How important is the usage of statistics in your research?


MV: Very important! My work has two components: conducting an experiment in the laboratory or green house and later analyzing the gathered data. I use R for most of my statistical and graphical analysis. More specifically, I use a method called genome wide association (GWA) study to identify the genetic loci controlling the interactions between plants and bacteria.

What is a GWA?

MV: A genome-wide association study aims to identify genes controlling the variation in a trait.   Most traits, however, are complex – most diseases for instance. Many genes contribute to hypertension or diabetes in humans. Statistical methods help elucidate these complex genetic traits. Scientific knowledge progressed a lot since the first human genome was sequenced in 2000. We have begun to understand the genetic basis of many diseases using genome-wide association studies.

You work on the innate immunity of plants. We live in a world where particle physics dominate the headlines, this is not a widely covered theme in the media


MV: *laughs* Yes, if I talk about my research, many people react with surprise when realizing that plants actually DO HAVE an immune system. Plants cannot run away to escape pathogens, which constantly threaten their survival and reproduction. They do not have antibodies and we therefore often describe the plant immune system as simple. Yet, it does a pretty good job, which is evident by a green world around us.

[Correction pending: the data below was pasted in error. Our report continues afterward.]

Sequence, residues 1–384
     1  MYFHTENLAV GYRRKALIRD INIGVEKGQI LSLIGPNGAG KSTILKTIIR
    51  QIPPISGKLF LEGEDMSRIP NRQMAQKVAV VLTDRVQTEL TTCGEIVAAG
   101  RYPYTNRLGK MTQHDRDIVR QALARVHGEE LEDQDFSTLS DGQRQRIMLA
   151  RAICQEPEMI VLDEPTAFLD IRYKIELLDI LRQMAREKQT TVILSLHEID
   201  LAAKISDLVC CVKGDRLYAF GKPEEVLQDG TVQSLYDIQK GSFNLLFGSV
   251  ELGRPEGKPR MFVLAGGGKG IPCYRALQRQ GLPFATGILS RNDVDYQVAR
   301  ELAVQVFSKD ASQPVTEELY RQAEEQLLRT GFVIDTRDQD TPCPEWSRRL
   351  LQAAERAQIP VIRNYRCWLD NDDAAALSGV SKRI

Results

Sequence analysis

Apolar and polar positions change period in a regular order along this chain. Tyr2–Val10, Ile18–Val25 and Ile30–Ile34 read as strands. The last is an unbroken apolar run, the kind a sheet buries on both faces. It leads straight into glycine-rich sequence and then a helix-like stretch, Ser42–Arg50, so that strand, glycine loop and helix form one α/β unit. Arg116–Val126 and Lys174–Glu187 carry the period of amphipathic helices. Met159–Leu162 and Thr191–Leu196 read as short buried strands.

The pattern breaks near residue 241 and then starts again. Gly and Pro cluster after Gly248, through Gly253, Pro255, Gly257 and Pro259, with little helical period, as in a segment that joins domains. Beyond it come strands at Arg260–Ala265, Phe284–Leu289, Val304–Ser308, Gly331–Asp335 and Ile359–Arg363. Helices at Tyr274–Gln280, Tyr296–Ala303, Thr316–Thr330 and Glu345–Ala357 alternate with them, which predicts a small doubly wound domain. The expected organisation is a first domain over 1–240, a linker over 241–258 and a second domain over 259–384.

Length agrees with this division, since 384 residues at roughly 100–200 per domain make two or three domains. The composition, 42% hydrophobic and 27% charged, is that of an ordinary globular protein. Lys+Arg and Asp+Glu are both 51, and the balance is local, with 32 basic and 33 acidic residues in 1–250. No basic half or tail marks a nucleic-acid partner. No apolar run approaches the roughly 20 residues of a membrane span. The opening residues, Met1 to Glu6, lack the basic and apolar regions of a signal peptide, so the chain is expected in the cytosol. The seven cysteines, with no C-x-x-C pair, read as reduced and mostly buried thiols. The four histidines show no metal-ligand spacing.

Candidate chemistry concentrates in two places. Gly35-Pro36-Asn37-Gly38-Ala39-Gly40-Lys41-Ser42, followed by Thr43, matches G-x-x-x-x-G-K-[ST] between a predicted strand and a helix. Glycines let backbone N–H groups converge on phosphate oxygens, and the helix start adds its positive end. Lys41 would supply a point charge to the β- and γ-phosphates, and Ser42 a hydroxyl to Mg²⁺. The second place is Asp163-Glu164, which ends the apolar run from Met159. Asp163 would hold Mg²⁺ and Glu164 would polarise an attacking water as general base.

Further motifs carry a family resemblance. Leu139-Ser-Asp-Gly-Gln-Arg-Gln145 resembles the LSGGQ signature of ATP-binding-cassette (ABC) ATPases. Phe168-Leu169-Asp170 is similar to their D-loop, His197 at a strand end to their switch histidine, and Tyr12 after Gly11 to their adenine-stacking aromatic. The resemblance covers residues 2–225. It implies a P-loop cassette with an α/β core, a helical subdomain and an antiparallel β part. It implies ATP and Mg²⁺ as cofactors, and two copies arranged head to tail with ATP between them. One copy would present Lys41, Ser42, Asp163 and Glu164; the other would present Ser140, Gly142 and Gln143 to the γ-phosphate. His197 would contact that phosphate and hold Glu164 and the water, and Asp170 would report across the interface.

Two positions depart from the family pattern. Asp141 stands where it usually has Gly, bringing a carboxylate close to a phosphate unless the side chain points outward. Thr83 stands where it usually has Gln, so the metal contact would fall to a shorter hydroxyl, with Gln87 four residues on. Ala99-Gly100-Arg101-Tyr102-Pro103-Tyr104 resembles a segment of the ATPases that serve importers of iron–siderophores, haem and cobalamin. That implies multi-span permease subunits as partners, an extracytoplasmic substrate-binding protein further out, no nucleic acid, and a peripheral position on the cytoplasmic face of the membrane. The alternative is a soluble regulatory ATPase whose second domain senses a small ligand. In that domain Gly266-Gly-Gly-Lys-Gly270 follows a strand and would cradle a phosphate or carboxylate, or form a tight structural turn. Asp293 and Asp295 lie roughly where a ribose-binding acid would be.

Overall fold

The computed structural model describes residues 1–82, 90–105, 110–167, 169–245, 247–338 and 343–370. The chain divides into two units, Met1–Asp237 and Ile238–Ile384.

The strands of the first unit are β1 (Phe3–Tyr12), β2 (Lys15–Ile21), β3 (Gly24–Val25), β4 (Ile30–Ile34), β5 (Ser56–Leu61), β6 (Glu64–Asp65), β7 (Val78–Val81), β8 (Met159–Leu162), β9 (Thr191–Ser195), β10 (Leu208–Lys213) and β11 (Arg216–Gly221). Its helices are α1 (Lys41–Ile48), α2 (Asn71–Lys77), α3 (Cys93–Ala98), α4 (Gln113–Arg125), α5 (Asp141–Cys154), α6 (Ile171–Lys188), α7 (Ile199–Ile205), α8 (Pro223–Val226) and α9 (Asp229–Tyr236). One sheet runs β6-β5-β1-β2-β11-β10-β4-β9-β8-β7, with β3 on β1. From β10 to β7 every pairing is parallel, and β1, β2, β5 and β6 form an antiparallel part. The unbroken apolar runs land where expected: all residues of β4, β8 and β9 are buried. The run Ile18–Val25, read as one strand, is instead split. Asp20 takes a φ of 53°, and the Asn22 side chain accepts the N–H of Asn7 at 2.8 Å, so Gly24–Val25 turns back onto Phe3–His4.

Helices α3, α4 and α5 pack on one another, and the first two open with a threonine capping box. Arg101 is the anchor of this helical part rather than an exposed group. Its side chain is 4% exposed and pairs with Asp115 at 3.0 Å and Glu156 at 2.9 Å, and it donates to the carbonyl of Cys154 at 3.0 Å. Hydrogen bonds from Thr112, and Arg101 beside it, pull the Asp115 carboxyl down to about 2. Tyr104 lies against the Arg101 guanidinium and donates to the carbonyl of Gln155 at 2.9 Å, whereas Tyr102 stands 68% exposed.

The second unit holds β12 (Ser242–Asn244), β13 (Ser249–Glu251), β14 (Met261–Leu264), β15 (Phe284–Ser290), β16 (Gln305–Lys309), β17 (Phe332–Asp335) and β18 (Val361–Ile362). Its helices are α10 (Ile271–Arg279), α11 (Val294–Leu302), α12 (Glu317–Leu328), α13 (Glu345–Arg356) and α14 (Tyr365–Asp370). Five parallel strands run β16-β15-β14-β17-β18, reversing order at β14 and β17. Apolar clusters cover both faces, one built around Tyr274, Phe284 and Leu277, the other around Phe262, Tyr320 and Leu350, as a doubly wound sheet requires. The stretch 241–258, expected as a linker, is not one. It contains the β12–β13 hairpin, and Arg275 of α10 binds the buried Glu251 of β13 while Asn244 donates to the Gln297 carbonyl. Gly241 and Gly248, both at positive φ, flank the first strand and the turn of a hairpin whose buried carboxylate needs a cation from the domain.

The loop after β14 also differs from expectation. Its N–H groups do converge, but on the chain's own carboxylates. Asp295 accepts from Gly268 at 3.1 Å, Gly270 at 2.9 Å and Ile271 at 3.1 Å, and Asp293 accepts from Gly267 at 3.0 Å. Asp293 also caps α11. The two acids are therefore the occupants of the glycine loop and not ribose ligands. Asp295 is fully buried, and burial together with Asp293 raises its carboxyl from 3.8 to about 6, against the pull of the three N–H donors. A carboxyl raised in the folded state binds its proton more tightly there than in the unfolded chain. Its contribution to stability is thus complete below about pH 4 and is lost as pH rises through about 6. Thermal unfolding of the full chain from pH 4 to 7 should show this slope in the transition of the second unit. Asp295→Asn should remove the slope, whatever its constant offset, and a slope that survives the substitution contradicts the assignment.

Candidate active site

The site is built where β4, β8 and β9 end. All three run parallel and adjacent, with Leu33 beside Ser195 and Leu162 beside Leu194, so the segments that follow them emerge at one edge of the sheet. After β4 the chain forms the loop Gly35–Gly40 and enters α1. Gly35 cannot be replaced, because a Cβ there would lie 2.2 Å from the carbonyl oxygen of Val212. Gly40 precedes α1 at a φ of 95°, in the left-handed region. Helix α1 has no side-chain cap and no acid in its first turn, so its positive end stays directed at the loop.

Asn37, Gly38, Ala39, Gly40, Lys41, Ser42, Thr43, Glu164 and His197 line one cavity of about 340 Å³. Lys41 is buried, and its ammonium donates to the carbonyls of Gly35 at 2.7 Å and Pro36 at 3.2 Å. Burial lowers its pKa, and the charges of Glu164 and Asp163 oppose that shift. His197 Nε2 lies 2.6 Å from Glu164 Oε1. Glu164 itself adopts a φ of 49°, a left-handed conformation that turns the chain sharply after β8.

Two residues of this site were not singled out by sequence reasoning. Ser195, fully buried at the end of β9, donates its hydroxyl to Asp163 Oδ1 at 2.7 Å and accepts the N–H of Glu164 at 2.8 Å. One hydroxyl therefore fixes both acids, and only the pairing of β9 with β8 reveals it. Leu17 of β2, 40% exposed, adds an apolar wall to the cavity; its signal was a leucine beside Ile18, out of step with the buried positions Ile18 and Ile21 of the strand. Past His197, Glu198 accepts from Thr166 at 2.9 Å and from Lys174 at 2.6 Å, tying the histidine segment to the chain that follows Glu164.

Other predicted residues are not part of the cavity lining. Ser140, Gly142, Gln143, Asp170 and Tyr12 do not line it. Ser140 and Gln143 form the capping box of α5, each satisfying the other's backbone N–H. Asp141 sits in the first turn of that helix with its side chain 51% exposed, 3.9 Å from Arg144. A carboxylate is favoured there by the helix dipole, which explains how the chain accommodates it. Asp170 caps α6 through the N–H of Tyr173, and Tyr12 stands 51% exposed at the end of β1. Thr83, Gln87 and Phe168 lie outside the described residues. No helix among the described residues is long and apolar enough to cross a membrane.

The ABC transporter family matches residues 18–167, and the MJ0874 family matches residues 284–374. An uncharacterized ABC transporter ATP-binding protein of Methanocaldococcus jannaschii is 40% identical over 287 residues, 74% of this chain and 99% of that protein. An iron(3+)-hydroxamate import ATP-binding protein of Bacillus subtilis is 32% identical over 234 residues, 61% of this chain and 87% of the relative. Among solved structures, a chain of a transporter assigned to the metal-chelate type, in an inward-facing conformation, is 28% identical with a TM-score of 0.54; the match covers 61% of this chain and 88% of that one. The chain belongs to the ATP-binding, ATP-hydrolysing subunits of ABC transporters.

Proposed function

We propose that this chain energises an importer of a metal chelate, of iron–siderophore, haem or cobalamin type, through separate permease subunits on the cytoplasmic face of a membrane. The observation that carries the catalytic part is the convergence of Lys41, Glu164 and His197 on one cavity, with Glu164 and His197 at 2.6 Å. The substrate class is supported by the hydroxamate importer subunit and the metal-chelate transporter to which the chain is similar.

I investigate the evolution of innate immunity in plants. Immune receptors of the plant model species Arabidopsis thaliana recognize molecular signals, which are unique to bacteria. The perception of these signals triggers a general and effective defense response but is also accompanied with reduction in plant growth. My current work identified several genetic loci, which control these growth changes upon stimulation of the immune system. Another project investigates how plants shape the bacterial community within their leaves.


What is your biggest challenge on a daily basis?

MV:  [thinking a bit]. Perhaps the biggest challenge is to stay focused on the problem and one specific research questions. So many interesting possibilities and questions distract me. I guess having many new thoughts and a creative mind is also what makes a good scientist.



Does your work move in the direction pharmaceutical research?



MV: I am especially fascinated by how plants modulate their immune responses and growth in response to biotic and abiotic environments but it does not directly aim at developing an application or product. Basic knowledge does lead to innovation on the long run. A crop breeder might use this knowledge to make a plant more resistant against pests while maintaining yield for instance.

What motivated you to select this career?

MV: I like to get to the bottom of things and I was interested in plant biology early in my childhood. My parents would have liked me to be a physician but I could not get around cutting someone open – even for the prospect of helping them. I was interested in lichens instead. Three totally different organisms come together to create a form of life with properties which none of them has by itself. How cool is that!


All creatures struggle to let in nutrients and vent wastes. We know a lot at human level. What about the plant level?